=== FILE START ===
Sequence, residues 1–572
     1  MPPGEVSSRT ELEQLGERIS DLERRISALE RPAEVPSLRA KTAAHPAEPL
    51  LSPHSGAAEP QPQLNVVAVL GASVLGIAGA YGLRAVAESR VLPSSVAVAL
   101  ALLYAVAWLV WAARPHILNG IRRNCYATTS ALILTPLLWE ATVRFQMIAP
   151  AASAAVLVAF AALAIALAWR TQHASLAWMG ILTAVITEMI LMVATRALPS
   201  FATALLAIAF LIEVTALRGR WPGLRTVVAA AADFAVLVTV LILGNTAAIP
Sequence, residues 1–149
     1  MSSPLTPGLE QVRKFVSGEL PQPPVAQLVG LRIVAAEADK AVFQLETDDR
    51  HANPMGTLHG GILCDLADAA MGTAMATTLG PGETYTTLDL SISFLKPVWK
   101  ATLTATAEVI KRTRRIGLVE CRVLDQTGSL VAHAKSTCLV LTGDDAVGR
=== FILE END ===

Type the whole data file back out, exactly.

Sequence, residues 1–572
     1  MPPGEVSSRT ELEQLGERIS DLERRISALE RPAEVPSLRA KTAAHPAEPL
    51  LSPHSGAAEP QPQLNVVAVL GASVLGIAGA YGLRAVAESR VLPSSVAVAL
   101  ALLYAVAWLV WAARPHILNG IRRNCYATTS ALILTPLLWE ATVRFQMIAP
   151  AASAAVLVAF AALAIALAWR TQHASLAWMG ILTAVITEMI LMVATRALPS
   201  FATALLAIAF LIEVTALRGR WPGLRTVVAA AADFAVLVTV LILGNTAAIP
Sequence, residues 1–149
     1  MSSPLTPGLE QVRKFVSGEL PQPPVAQLVG LRIVAAEADK AVFQLETDDR
    51  HANPMGTLHG GILCDLADAA MGTAMATTLG PGETYTTLDL SISFLKPVWK
   101  ATLTATAEVI KRTRRIGLVE CRVLDQTGSL VAHAKSTCLV LTGDDAVGR